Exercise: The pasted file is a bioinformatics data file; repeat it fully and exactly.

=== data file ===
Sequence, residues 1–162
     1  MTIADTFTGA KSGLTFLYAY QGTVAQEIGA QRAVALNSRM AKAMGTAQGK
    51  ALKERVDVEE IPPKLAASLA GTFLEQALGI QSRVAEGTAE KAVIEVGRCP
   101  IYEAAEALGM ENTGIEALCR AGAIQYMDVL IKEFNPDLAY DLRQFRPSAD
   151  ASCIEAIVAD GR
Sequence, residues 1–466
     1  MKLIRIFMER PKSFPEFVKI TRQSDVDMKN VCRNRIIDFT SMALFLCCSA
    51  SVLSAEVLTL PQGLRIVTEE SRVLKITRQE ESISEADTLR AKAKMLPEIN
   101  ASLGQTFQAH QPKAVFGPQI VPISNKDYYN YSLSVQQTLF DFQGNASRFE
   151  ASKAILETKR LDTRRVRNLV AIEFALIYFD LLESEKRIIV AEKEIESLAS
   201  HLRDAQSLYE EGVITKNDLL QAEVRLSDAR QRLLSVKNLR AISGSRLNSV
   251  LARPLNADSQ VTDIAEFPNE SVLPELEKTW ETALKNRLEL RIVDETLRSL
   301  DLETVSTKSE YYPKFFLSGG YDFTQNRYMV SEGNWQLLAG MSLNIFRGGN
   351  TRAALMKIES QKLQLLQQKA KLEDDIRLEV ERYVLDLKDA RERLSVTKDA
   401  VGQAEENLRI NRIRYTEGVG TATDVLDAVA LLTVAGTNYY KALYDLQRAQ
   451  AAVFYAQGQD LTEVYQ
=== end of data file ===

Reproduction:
Sequence, residues 1–162
     1  MTIADTFTGA KSGLTFLYAY QGTVAQEIGA QRAVALNSRM AKAMGTAQGK
    51  ALKERVDVEE IPPKLAASLA GTFLEQALGI QSRVAEGTAE KAVIEVGRCP
   101  IYEAAEALGM ENTGIEALCR AGAIQYMDVL IKEFNPDLAY DLRQFRPSAD
   151  ASCIEAIVAD GR
Sequence, residues 1–466
     1  MKLIRIFMER PKSFPEFVKI TRQSDVDMKN VCRNRIIDFT SMALFLCCSA
    51  SVLSAEVLTL PQGLRIVTEE SRVLKITRQE ESISEADTLR AKAKMLPEIN
   101  ASLGQTFQAH QPKAVFGPQI VPISNKDYYN YSLSVQQTLF DFQGNASRFE
   151  ASKAILETKR LDTRRVRNLV AIEFALIYFD LLESEKRIIV AEKEIESLAS
   201  HLRDAQSLYE EGVITKNDLL QAEVRLSDAR QRLLSVKNLR AISGSRLNSV
   251  LARPLNADSQ VTDIAEFPNE SVLPELEKTW ETALKNRLEL RIVDETLRSL
   301  DLETVSTKSE YYPKFFLSGG YDFTQNRYMV SEGNWQLLAG MSLNIFRGGN
   351  TRAALMKIES QKLQLLQQKA KLEDDIRLEV ERYVLDLKDA RERLSVTKDA
   401  VGQAEENLRI NRIRYTEGVG TATDVLDAVA LLTVAGTNYY KALYDLQRAQ
   451  AAVFYAQGQD LTEVYQ